The perils and pratfalls of NFL coaches

Sure, the money and the perks are good, the ego stroke is beyond compare and the potential for eternal adulation is a decent incentive. Obviously, there's never going to be an NFL team or BCS-level program that'll have trouble finding one. But there are times when you have to wonder why anybody wants the hassle of being a head coach in the NFL, or big-time college for that matter.

Certainly when you look at Wade Phillips' past few weeks, you have to wonder. He twisted uncomfortably, not to mention repeatedly and publicly, while his team quit and his owner stewed. His vacant sideline look -- the same in good times and bad -- became a national commentary on his helplessness.

By Sunday night, when the Cowboys soiled themselves on national television, Phillips' firing seemed like the only humane way to proceed. Jerry Jones said, "People will suffer" (oh, the arrogance! oh, the self-importance!), and the next day he patted Phillips on the head one last time before putting him down. Sure, the money's good but how much goes directly to therapy?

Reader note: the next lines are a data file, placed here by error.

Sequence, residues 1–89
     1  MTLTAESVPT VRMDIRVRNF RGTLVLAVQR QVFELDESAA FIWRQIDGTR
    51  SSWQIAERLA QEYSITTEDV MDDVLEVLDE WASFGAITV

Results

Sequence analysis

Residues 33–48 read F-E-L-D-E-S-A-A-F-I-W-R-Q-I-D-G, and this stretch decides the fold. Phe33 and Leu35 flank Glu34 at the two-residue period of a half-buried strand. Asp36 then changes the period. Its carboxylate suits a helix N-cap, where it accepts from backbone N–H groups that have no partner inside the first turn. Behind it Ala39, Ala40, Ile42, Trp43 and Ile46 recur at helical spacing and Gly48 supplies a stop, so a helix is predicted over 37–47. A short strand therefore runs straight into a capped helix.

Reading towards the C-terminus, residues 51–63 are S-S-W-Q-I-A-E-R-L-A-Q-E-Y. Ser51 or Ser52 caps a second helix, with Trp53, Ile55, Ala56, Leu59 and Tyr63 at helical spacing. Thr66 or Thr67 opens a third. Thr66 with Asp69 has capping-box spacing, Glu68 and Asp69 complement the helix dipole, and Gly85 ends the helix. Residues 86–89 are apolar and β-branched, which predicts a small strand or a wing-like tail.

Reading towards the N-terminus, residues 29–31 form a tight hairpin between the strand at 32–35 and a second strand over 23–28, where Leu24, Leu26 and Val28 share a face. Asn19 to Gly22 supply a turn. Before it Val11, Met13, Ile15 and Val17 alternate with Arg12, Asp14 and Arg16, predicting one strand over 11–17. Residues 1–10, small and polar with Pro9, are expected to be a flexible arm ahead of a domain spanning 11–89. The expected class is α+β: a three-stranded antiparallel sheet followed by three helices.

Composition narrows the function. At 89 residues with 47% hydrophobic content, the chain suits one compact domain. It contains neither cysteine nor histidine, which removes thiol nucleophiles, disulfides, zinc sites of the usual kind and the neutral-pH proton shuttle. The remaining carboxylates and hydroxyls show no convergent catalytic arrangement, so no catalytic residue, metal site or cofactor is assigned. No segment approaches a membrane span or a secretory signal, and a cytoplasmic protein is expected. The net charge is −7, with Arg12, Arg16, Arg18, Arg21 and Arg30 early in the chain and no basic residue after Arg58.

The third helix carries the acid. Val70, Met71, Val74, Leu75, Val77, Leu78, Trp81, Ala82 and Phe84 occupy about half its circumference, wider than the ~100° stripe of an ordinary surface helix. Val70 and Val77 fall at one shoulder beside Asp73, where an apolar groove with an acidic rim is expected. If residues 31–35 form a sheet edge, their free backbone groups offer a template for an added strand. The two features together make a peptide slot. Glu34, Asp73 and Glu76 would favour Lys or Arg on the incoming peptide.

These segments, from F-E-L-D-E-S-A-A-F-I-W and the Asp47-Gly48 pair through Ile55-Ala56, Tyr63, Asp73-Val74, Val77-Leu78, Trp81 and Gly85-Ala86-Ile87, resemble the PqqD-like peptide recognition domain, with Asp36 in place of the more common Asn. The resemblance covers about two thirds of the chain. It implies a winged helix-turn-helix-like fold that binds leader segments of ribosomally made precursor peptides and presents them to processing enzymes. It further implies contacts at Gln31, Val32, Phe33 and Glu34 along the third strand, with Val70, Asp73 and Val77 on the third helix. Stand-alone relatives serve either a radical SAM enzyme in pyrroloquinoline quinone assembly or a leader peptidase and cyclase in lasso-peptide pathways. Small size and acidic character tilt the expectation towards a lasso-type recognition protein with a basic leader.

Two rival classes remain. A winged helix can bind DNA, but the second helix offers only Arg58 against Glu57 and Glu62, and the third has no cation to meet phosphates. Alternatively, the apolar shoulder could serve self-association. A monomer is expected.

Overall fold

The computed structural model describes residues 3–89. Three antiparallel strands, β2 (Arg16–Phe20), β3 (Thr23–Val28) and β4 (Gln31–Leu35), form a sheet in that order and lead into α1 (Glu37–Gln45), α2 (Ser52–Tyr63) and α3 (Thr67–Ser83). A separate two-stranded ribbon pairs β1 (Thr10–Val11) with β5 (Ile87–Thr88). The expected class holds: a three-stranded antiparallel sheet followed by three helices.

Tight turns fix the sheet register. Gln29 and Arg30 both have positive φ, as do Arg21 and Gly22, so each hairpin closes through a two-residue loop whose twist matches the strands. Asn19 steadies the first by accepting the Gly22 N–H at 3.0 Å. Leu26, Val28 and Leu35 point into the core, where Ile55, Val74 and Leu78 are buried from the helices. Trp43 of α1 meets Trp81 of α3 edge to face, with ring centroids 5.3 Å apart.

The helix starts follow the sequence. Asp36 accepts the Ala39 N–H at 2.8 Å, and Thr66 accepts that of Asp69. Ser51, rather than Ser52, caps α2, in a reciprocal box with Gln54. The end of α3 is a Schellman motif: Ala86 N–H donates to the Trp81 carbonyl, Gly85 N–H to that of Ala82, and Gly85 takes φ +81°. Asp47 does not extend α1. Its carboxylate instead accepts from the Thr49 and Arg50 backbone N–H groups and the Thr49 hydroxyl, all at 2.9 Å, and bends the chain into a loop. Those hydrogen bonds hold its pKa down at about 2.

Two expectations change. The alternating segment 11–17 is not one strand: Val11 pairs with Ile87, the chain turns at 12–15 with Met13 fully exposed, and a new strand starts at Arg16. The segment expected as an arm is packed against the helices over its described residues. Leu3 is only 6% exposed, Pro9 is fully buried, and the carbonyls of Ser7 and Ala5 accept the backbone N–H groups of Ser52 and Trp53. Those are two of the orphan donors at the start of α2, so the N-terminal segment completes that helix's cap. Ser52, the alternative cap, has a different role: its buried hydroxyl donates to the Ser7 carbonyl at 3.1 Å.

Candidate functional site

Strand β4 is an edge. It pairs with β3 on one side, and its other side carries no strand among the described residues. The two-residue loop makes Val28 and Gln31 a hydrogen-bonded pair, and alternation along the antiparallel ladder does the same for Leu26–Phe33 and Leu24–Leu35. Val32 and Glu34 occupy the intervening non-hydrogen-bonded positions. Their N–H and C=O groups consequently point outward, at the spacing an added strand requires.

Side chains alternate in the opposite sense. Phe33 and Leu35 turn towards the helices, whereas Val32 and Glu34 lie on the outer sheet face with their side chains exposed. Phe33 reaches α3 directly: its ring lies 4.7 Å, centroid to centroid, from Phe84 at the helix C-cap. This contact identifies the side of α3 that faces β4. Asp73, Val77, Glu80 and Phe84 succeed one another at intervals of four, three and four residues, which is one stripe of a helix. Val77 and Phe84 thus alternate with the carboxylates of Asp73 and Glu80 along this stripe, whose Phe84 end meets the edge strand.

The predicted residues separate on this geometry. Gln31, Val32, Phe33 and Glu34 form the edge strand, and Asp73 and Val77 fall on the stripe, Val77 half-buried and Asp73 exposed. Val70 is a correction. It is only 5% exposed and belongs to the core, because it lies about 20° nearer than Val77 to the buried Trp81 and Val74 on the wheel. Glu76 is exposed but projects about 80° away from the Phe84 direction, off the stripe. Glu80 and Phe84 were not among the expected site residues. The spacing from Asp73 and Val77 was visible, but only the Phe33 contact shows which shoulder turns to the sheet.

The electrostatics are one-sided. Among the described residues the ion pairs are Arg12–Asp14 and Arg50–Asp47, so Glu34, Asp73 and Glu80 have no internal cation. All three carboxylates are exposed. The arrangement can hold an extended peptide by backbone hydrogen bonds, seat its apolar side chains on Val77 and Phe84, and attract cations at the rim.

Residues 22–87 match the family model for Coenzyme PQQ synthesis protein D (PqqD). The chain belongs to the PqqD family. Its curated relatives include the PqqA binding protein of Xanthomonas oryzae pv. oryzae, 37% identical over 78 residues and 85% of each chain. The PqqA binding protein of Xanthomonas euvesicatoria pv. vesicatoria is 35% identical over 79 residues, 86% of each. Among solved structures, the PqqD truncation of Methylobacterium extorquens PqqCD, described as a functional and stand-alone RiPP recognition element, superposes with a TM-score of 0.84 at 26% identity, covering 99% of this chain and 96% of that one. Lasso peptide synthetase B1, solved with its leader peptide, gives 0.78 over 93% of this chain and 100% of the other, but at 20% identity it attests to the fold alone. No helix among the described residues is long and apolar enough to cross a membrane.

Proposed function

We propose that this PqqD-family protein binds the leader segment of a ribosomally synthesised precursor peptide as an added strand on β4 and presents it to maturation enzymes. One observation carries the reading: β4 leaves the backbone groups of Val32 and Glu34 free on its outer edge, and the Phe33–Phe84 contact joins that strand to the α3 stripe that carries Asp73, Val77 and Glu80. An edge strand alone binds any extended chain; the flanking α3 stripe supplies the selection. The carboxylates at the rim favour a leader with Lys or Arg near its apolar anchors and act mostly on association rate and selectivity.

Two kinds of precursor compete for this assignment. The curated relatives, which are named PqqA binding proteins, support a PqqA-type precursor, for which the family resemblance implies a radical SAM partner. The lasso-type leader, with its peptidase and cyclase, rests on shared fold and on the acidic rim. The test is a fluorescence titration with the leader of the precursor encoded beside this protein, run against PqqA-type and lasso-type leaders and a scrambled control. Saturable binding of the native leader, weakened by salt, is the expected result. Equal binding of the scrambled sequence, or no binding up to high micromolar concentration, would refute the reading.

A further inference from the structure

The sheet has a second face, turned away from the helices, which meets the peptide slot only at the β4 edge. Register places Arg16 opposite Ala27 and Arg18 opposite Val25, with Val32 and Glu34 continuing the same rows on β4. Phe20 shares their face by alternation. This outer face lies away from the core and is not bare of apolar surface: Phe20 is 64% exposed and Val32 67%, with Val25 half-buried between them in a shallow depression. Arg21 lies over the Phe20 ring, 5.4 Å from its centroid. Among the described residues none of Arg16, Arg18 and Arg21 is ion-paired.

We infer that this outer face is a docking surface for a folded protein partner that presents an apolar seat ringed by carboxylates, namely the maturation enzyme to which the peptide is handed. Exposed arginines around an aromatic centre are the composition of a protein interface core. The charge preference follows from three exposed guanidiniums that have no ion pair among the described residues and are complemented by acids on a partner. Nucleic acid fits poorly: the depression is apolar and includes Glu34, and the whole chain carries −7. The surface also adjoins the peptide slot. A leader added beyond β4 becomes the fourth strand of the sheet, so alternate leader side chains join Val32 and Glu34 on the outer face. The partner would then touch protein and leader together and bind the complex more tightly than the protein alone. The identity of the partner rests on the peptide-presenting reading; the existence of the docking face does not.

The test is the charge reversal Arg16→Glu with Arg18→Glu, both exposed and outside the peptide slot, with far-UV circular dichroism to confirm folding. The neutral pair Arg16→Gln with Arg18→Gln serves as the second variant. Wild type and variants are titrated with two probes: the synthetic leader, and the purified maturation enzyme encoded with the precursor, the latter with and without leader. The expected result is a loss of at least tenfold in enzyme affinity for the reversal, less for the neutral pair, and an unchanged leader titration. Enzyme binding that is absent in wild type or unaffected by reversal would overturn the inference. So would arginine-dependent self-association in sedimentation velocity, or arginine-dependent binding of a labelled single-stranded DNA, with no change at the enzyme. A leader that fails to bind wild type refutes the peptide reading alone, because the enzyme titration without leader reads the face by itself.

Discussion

Phillips was as done as his team. His remark two weeks ago -- "If I knew what to do, I'd already done it" -- was as concise a concession speech as a plain-spoken leader of men can summon. If he wasn't asking for a firing then, he was at least hinting that the rigors of the job had officially exceeded his ability to tame them. It was a re-imagining of his dad Bum's famous line about Don Shula: "He can take his'n and beat your'n, and then take your'n and beat his'n." Wade's, however, was a little more succinct: "I can take mine and lose to you'n."

So much of coaching is projection. The idea that Dallas might be the first team to play a home game in the Super Bowl was pure Jones' hubris from the start. The team wasn't anywhere close to that good, even with a healthy Tony Romo, but Phillips didn't help. He might be the world's greatest football strategist, although that's not the safe way to bet, but he projects a personality that falls somewhere between Eeyore and asleep. Contrast his style to Mike Shanahan, who seems to coach like he just doesn't care.

Right or wrong, Shanahan doesn't mind bruising egos, stepping on toes or being caught giving two different answers to the same question. There's a mental swagger to the way he runs his teams. He's going to coach his way or not at all.

Ten days ago, Donovan McNabb was deemed either too mentally challenged to grasp the nuances of Shanahan's two-minute offense, or he was deemed too physically unfit to endure it. Shanahan gave both explanations -- one postgame, one in a press conference last Monday -- and he probably doesn't care which one you choose to believe. Better yet, believe them both.

Seven months in the Redskins' system and McNabb can't run the two-minute offense against the Lions? That's an indictment of the coach, the player or both. And if the new face of your franchise isn't the guy to lead the team in the final 1:50 with a 6-point deficit, maybe he isn't the guy to lead the team the other 58:10.